Introduction: Foraging for Juneberry Muffins
Early last summer I went to an outdoor festival at my local library and met a lovely group of people called "The Resiliency Institute". Their mission is to transform the Chicago suburbs into resilient permaculture communities, and they had a ton of interesting info on edible plants and how to plant edible landscaping. Their most recent event was picking serviceberries.
"What is a serviceberry?" I asked.
The woman pointed to the tree behind her, plucked off a berry and said "Eat!"
It was delicious. And it was everywhere around the library. They were around all the libraries in the district. There were three big trees by my church. Two by my favorite Indian restaurant. A smattering all around the downtown riverwalk. All around me were trees filled with delicious, edible berries that were getting eaten by birds and falling to the ground and smashed under feet. I picked pounds and pounds of them. I ate them, baked with them, froze them, gave them away... it's such a shame when our natural resources go to waste because people are not aware what can exist right in your own backyard! So here is a guide to help you hopefully find your own, and a simple recipe to use with them.
Step 1: How to Identify Juneberries
Amelanchier is a deciduous shrub that most commonly goes by the name shadberry, serviceberry, juneberry, or saskatoon. They are native to every Canadian province and territory and to EVERY state in the US except for Hawaii. The most common species you will see in the Midwest is Amelanchier ovalis, and some specialty garden centers might even sell bushes if you want to grow your own!
Juneberries, as the name implies, are ripe in early June or late May. They can be short and shrubby like a bush, but more often you will see them tall and trained to grow just like a tree. The bark is usually greyish or sometimes brown, and the leaves are oval-shaped with a very faint serration to the edges. The berries themselves are the most distinctive way to identify the plant: they look just like a blueberry growing on a tree! They start red and turn blue/purple then almost black as they ripen to maturity... so the darker the berry, the tastier it will be. All stages are edible though, so don't worry about a few unripe ones in the mix! They have the distinctive "crown" of skin that a blueberry has on their blossom end, and they should be pretty squishy when ripe. The inside, unlike a blueberry, is also a reddish-purple color but should not stain.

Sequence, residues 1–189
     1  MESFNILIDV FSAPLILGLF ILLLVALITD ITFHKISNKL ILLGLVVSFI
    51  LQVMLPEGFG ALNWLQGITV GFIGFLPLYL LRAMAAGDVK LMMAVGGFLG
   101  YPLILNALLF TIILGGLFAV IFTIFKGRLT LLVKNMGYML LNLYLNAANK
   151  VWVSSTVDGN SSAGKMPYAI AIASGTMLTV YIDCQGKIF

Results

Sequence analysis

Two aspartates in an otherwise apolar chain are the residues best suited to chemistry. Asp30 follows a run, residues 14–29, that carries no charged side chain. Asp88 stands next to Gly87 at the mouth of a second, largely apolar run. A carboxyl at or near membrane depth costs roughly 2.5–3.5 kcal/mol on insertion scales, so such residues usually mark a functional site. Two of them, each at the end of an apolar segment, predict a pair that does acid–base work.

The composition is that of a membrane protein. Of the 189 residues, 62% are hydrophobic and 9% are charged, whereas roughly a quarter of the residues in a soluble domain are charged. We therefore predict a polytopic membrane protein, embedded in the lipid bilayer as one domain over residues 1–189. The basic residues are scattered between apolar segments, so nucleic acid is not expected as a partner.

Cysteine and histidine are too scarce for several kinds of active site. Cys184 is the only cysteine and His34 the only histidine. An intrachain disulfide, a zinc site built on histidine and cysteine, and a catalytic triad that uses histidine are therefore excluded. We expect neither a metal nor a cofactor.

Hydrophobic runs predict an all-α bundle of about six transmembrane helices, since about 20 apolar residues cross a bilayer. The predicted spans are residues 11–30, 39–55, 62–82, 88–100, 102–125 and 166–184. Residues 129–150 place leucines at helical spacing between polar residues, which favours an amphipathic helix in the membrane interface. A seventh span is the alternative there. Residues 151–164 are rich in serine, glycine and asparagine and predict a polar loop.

The taste is where these berries are unique: eaten fresh, they are similar to a juicy blueberry with slightly larger seeds and a bit more skin. Baked, they are something truly different! The seed contains a decent amount of benzaldehyde, the chemical compound responsible for the taste of almonds. In the muffin recipe that follows you might notice a faint nutty flavor, but if you make a pie or jam where the berries are the main ingredient (use your favorite blueberry pie recipe and replace the berries 1:1) you'll get a definite, strong almond flavor. I brought a pie into work and got a ton of compliments from people that they would have never thought to add almond extract to a blueberry pie... and I had to tell them, nope! It's all natural!
As a small disclaimer: Please, PLEASE don't go eating random berries from trees unless you are certain they are edible!
Step 2: Making Muffins
After picking your berries wash them well, especially if you picked them from a public place and do not know what sort of pesticides or sprays the tree might have been treated with. Discard any stems or leaves that clung to the berries (the stems tend to float, so fill a bowl of water to make them easier to pick out). Berries will freeze well for almost year, just lay out on a single layer on a cookie sheet line with parchment paper and stick in your freezer. I like to save them for snowy, cold winter mornings and make muffins for a warm taste of summer. They're pretty yummy to eat frozen, too!
-1 1/2 cups all-purpose flour
-1/2 cup packed brown sugar
-1/4 cup white sugar
-1/2 teaspoon salt
-1 teaspoon baking powder (or 2 tsp and omit baking soda)
-1/2 teaspoon baking soda
-1/3 cup vegetable oil
-1/3 cup milk
-1 cup fresh or frozen juneberries
Preheat oven to 400°F and grease a 12 cavity muffin tray or line muffin papers. Mix the dry ingredients (flour, sugars, salt, baking soda) in a small bowl and make a well in the center. Add oil, milk, and egg to this hole and mix until just combined. Carefully fold in the juneberries and fill each cavity to the top (or top of the muffin paper). Bake for 20-25 minutes or until golden brown and delicious!
Step 3: Other Ideas and Edibles!
Juneberries also have a good amount of pectin in their skins, so I've been told you can make jam with them without any added pectin. (I've yet to try it, though!) A friend of mine uses a food mill to extract the pulp from the skins and seeds... he makes jelly with the pulp, and the skins and seeds come out so thick he dries and eats it like fruit leather! Any recipe that uses blueberries can be replaced 1:1 with juneberries, but keep in mind if baking you will also have an additional almond flavor.
Once you start foraging, you'll find there are lots of wild edibles around you! Two other common plants you can find anywhere are mulberries (the bowl on the left), and black/red raspberries (the bowl on the right). All of these make for excellent eating... or my favorite, cobbler with crumb topping and some vanilla ice cream!